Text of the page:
the imprint mvrdv

MVRDV’s Imprint is an Architectural Icon for the Instagram Era

MVRDV’s extraordinary project is equal parts architecture and art canvas.

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From the sky, “The Imprint” is not just visible — it’s virtually impossible to miss.

MVRDV — Architizer’s 2018 A+Awards Firm of the Year — has designed a pair of buildings akin to an extruded architectural graphic, one that pops against its background. The details and façade materials are such that this project is equal parts architecture and art canvas — the perfect backdrop against which millennials can create a gallery of arresting Instagram portraits.

the imprint mvrdv

Comprising 105,486 square feet of entertainment programming, the Imprint is part of a larger complex of 6 buildings entitled Paradise City, which will provide a full suite of entertainment and hotel attractions less than a kilometer away from South Korea’s largest airport. The brief called for a landmark “gateway” structure with an instantly recognizable exterior and strong urban identity — from both the ground and the air. MVRDV delivered in bucketloads.

Perhaps the most striking feature of the newly completed plaza is a “giant golden spot” that spills over one of the buildings, pooling on the ground like drapery. It continues a trend for MVRDV cloaking its buildings in gold — the Ragnarok museum of pop, rock and youth culture in Roskilde, Denmark also glitters in the sunlight, attracting tourists and architectural enthusiasts like magpies.

the imprint mvrdv

The complex consists of two adjacent buildings, nicknamed the “Sandbox” and the “Nightclub.” The Sandbox features an indoor theme park, while the Nightclub hosts bars and other entertainment amenities. While the Nightclub is outfitted with the golden spot, the Sandbox appears as a three-dimensional architectural drawing, pulled up at one corner to reveal an inviting public entrance.

Unusually, the two buildings that comprise this unique entertainment complex have no windows. In order to prevent these volumes from feeling too sealed off from the life of the city, MVRDV designed the façades to echo the surrounding buildings. The effect is surreal — the elevations are similar to the artificial façades of movie sets, their flatness accentuated by graphic markings, bevels and extrusions.

The façades throughout the complex were constructed from 3d-printed glass-fibre reinforced concrete panels, lending the exterior of each block a sense of both solidity and fluidity. This paradox makes for an eerie but faintly joyful architectural landscape, ready-made for the millions of photoshoots that the Imprint will undoubtedly play host to in the coming months.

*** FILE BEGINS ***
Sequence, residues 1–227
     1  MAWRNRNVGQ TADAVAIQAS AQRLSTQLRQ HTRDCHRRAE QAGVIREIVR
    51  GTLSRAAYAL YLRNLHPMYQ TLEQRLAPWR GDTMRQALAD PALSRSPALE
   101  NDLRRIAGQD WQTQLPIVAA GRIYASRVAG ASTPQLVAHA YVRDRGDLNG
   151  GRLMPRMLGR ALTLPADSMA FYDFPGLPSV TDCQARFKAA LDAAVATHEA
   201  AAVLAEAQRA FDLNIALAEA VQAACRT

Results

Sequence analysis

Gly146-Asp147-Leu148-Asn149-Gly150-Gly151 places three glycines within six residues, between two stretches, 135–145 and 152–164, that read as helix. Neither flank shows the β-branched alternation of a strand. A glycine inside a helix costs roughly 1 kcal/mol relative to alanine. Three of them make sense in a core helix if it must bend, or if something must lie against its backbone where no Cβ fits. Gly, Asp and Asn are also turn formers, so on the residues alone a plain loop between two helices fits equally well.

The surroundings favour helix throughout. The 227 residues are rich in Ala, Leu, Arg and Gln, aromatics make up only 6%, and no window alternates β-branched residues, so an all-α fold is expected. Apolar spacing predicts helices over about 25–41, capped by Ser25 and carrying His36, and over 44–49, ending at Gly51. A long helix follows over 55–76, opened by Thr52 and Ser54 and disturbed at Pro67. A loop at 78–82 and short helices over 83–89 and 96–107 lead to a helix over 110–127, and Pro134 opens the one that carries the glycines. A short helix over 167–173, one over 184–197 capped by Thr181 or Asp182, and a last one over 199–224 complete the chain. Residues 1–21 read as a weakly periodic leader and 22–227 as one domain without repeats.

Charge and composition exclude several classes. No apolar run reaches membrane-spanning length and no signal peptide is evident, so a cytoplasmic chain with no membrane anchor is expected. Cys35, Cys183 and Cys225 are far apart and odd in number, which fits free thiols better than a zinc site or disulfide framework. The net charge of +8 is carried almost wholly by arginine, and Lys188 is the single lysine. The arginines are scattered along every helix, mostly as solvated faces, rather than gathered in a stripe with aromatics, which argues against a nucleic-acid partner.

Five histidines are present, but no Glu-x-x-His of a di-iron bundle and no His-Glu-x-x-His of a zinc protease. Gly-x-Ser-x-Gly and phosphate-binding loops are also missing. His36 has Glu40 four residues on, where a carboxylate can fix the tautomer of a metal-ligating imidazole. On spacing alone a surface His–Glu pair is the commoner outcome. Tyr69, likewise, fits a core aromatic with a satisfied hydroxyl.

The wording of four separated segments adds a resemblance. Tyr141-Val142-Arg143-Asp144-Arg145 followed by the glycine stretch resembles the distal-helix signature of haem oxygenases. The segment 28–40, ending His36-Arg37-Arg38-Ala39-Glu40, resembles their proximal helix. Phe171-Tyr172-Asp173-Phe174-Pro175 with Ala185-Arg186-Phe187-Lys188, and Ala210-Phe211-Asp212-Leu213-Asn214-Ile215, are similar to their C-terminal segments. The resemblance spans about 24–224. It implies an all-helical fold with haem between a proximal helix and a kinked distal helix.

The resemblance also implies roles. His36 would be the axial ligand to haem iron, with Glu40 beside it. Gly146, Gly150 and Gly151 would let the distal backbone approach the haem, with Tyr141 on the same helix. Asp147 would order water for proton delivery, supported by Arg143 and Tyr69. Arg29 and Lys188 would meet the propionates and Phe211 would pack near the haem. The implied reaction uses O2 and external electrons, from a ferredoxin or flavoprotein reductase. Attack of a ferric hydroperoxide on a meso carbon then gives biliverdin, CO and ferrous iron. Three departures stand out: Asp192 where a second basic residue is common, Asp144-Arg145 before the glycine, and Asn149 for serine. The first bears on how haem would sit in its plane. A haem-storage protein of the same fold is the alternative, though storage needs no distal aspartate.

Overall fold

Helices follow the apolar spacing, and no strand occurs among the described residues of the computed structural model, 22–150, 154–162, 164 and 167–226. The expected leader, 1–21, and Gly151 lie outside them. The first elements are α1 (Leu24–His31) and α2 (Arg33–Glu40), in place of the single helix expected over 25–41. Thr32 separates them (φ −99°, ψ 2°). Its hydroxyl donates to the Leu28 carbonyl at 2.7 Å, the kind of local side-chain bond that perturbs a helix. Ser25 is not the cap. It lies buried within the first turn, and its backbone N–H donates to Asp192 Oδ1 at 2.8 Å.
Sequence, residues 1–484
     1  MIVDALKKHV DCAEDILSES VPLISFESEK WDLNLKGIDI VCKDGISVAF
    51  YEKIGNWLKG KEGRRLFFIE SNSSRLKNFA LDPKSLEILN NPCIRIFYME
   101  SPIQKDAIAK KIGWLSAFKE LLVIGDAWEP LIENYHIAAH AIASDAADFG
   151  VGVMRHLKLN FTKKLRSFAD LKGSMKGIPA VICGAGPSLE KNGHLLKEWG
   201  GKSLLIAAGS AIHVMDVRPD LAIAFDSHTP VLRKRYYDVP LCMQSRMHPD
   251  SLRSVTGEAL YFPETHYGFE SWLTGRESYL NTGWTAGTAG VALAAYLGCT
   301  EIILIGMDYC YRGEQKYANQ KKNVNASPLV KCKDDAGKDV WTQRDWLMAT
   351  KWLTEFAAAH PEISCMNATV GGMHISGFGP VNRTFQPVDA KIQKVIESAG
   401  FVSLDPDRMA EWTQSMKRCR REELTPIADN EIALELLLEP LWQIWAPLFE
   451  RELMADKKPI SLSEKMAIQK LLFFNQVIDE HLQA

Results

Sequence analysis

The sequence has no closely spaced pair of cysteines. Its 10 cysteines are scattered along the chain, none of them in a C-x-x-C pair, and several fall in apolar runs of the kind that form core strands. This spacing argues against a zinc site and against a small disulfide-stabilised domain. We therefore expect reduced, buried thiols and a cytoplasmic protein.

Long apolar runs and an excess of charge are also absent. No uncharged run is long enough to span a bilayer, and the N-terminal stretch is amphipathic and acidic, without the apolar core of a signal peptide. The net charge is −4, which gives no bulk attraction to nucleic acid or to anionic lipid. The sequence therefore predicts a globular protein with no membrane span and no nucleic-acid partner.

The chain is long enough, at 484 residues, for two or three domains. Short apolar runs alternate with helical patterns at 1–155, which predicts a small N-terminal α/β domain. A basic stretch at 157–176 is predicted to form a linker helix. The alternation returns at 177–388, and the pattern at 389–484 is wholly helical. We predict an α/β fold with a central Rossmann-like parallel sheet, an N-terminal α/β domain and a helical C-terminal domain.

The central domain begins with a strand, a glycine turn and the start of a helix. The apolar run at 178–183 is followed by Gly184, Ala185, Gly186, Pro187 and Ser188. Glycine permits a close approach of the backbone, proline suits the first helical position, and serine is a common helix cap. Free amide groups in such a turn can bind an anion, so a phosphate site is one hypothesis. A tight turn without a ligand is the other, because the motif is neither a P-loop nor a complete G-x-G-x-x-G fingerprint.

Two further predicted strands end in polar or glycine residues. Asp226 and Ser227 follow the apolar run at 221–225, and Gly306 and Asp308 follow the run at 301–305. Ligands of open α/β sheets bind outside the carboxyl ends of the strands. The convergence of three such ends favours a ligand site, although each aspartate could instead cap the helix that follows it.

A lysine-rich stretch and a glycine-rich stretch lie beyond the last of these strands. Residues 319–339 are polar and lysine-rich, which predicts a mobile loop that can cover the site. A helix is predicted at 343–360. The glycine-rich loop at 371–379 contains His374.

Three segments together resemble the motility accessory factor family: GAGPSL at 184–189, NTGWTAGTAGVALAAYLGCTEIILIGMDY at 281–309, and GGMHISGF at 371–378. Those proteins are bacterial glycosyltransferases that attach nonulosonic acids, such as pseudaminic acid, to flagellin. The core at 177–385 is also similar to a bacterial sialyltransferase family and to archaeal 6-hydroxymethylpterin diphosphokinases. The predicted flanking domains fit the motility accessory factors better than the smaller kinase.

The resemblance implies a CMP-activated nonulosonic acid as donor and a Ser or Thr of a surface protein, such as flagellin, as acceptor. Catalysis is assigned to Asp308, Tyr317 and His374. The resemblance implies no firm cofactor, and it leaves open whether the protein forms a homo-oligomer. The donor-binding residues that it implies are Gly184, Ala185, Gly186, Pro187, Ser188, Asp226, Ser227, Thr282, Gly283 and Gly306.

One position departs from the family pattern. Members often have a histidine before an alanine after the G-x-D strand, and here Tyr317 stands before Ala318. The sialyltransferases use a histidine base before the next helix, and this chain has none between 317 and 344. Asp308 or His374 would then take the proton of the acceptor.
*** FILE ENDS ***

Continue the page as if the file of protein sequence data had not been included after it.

It’s a bold move typical of this architecture firm, which views a constraint such as the limitation of fenestration as a design opportunity. While most windowless buildings of this scale are inevitably monolithic and imposing, The Imprint appears textured, ornamental and striated. Blind windows mirror those of adjacent buildings and reduce the perceived scale of each block.

the imprint mvrdv

“By placing, as it were, surrounding buildings into the facades of our buildings and in the central plaza, we connect The Imprint with the neighbours,” said Winy Maas, principal and co-founder of MVRDV. “This ensures coherence. Paradise City is not a collection of individual objects such as Las Vegas, but a real city.”

MVRDV’s integrative approach to architecture is made clear in nearly every design feature of the complex, which the firm describes as being in “a constant state of transition.” The floors and ceilings inside the Sandbox and Nightclub are made of glass in order to reveal the inner workings of the site. Collectively, the project works as an immersive art installation, somehow managing to combine elements of minimalism and postmodernism to form a cohesive urban gathering place.

“Reflection and theatricality are combined,” concluded Maas. “With our design, after the nightly escapades, a zen-like silence follows during the day, providing an almost literally reflective situation for the after parties. Giorgio de Chirico would have liked to paint it, I think.”

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Written by Pat Finn and Paul Keskeys; all images courtesy of MVRDV.